You Shouldn’t be Ashamed

I’m approaching the halfway mark in a book I’ve waited four months to read. The book discusses shaming and its significance in our specie’s history. At this point I am convinced that the concept of shame is the most powerful socio-emotional weapon we have as a population. Imagine all of your inner most insecurities finally blossoming into the public eye and not only must you have to cope with what people might be thinking, the people have already spoken and have disagreed with your stance on a topic. Public opinion, as subjective as it may seem, has a permanent effect on others if enough people share the same view. An important part of shame is the number of people who cast judgement resulting in the shame of an unfortunate party.

Pop culture has a plethora of examples of celebrities popular and unpopular in a publicly shamed episode once every so often. As devastating as this may seem, the author begins to explore the type of behavior that create negativity in a strong amount. There is something about when groups of people get together, a type of cognitive dissonance takes place and the attitude is no longer the attitude of an individual, but of a group. Two completely separate trains of thought.

It is unfortunate that the internet (certain social media circles) have turned into a metaphorical thunder dome nowadays. With people becoming more and more critical about what is said and sometimes what is simply implied. Here in California the spotlight is on police officers in the mainstream news media. I will not site a particular case or occurrence. I am simply making an observation on what happens when individuals act in a certain way whether it be good or bad, the public eye attempting to make sense of what they have just witnessed (which sometimes isn’t the sole perspective of an entire story) then making rash decisions based on little information that would not hold up among a jury of peers. I’m all in favor of holding a strong opinion about any topic. What gets me is the people who act on those uninformed opinions (often times getting others to join them in that person’s personal outrage)and cause a tremendous amount of suffering towards another.

The book also gives an example of a situation in which shaming does arguably have a place. The justice system may have it’s share of flaws, however, some judges take it among themselves to seek alternatives to incarcerating the masses. Having seen the harm shaming can do to people, I see this act as justified when it comes to legal matters in which there is proof beyond a reasonable doubt that someone deserves to be shamed. In the instances that shaming has been delivered as punishment (reducing the financial penalty from 10,000 to 900-ish dollars to be carried out by writing one dollar checks to the family of the victim a drunk driver has hit and killed) the culprits have admitted that the act of shaming invoked the worst feelings imaginable, have shown the be the most beneficial in the long run, and resulted in the least amount of repeat offenders than traditional incarceration.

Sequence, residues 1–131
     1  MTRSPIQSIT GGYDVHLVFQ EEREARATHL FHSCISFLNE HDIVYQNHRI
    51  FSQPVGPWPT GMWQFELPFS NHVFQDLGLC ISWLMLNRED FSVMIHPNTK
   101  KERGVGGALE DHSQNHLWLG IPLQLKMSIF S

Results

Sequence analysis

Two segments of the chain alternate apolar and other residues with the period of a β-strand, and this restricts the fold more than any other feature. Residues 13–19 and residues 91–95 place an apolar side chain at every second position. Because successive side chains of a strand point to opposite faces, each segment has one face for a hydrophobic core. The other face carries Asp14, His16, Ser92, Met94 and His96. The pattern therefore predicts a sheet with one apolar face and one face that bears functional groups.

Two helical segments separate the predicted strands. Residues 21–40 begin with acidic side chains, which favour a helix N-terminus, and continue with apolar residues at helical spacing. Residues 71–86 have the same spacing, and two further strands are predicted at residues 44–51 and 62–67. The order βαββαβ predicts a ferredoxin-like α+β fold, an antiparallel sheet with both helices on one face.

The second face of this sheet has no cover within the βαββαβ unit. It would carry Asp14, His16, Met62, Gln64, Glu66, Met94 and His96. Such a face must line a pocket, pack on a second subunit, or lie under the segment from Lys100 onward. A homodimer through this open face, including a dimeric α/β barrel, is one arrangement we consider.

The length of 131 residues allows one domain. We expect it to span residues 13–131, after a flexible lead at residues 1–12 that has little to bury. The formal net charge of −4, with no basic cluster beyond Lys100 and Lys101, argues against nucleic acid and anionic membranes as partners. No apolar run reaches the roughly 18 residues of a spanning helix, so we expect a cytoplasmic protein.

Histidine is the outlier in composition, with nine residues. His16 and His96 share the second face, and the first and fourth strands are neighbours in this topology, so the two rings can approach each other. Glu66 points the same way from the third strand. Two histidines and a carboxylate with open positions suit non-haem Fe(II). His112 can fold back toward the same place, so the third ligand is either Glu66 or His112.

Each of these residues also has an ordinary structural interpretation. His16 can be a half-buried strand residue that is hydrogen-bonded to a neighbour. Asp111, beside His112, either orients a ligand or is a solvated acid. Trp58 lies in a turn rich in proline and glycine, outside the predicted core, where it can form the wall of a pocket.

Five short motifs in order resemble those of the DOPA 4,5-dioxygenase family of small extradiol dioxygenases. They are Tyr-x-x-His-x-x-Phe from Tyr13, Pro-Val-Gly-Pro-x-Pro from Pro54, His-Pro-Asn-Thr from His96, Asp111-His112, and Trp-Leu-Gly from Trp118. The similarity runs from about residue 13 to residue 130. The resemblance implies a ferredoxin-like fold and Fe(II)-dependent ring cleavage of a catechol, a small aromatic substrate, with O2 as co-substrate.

Social power among groups of people can be a powerful tool. Mostly when dealing with people in similar classes as that of your own. We seem to underestimate the damage it can do. People’s lives have been ruined over something that was said (a constitutional right mind you) out of context. For people to realize this and to continue to do so for whatever types of gains one might be aspiring towards, (insert psychological interpretation mentioning this like “projecting” or “repression”) is sickening and arrogant. We as a population have more power than we are lead to believe. Reading this book has made me more aware of the harm we can cause towards others and to take a step back and realize the consequence an opinion I have gained in a short amount of time can do to another human being such as yourselves.



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